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Council of Appointment

Council of Appointment: A branch of the New York state government from 1777 to 1822. It was charged with appointing all officers of the state that had not otherwise been listed in the New York Constitution of 1777 as being appointed or elected in a specific way. This included the Secretary of State, Comptroller, Attorney General, Surveyor General, justice of the New York Supreme Court, sheriffs, judges, district attorneys, mayors and all military officers. The Council was abolished by the New York Constitution of 1821 and ceased to exist by the end of 1822.
"That all officers, other than those who, by this constitution, are directed to be otherwise appointed, shall be appointed in the manner following, to wit: The assembly shall, once in every year, openly nominate and appoint one of the senators from each great district, which senators shall form a council for the appointment of the said officers, of which the governor for the time being, or the lieutenant-governor, or the president of the senate, when they shall respectively administer the government, shall be president and have a casting voice, but no other vote; and with the advice and consent of the said council, shall appoint all the said officers; and that a majority of the said council be a quorum. And further, the said senators shall not be eligible to the said council for two years successively." Constitution of New York. April 20, 1777. Article XXIII.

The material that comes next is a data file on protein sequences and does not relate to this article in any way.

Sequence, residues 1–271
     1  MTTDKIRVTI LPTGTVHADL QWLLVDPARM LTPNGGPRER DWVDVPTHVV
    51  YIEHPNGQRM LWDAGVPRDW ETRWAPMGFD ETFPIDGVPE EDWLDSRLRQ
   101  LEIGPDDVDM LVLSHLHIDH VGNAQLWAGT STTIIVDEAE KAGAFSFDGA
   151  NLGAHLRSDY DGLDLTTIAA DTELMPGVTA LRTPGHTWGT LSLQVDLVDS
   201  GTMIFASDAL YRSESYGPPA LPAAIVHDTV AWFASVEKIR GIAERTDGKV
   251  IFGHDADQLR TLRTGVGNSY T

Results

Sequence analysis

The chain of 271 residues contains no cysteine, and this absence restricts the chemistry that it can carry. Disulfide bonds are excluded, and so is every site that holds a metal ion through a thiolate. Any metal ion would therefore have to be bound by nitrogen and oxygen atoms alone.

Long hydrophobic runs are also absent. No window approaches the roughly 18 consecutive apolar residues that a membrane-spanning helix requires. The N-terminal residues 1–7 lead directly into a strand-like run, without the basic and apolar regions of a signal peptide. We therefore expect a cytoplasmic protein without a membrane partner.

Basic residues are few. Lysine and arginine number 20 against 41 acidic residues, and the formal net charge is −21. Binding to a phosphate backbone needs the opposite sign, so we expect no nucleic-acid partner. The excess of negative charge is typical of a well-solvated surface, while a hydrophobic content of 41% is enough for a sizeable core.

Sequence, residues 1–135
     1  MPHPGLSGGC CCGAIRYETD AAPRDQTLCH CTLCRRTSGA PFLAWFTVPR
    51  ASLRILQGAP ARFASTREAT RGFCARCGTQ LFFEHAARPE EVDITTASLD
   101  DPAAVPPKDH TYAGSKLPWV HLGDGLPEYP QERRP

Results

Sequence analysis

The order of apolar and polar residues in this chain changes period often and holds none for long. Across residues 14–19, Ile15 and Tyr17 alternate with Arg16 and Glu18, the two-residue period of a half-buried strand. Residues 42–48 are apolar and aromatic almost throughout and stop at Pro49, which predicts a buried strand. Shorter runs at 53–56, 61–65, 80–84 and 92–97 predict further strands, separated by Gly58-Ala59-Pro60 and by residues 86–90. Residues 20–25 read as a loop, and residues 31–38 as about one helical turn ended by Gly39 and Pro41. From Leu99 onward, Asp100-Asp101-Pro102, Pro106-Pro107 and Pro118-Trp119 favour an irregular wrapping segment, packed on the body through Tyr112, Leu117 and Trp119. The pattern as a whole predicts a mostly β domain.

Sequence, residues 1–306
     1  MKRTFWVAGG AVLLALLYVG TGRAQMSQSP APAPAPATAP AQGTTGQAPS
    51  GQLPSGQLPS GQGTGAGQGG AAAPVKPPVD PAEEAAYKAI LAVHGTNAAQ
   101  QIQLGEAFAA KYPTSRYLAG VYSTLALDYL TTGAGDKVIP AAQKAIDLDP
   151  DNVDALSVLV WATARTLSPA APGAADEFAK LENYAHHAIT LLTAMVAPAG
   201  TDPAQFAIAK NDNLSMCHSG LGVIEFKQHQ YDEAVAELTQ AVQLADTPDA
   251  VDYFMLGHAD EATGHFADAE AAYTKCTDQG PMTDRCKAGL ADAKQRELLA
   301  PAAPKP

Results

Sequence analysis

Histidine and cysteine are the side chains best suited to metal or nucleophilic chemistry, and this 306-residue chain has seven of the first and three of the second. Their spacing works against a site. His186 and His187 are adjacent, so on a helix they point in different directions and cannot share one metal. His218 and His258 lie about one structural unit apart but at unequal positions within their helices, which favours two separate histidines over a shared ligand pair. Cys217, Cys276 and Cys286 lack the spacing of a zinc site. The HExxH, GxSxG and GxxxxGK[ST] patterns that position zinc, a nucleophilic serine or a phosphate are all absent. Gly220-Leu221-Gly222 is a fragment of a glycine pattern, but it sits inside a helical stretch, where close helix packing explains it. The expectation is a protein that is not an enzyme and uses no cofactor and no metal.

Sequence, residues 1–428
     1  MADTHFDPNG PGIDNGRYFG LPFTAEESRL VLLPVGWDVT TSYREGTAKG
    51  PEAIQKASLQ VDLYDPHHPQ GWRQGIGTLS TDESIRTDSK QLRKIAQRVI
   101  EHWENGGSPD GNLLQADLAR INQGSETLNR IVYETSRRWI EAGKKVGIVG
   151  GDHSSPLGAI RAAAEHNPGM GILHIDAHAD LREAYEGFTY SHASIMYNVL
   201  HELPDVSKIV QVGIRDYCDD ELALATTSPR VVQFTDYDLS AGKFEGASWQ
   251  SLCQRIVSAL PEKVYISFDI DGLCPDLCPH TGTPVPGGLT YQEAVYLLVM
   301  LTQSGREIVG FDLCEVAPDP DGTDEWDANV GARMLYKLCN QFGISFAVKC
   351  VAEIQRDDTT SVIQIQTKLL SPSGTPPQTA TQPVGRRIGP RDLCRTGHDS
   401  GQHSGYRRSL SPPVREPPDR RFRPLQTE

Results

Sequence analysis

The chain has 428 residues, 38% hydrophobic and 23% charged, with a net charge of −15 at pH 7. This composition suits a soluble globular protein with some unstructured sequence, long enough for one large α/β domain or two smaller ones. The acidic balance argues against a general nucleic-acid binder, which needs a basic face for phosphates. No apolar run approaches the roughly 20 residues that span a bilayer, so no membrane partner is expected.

Please also see State Senate or Governor's Council.

1799 - 1822: New York

Office Scope: State

Role Scope: State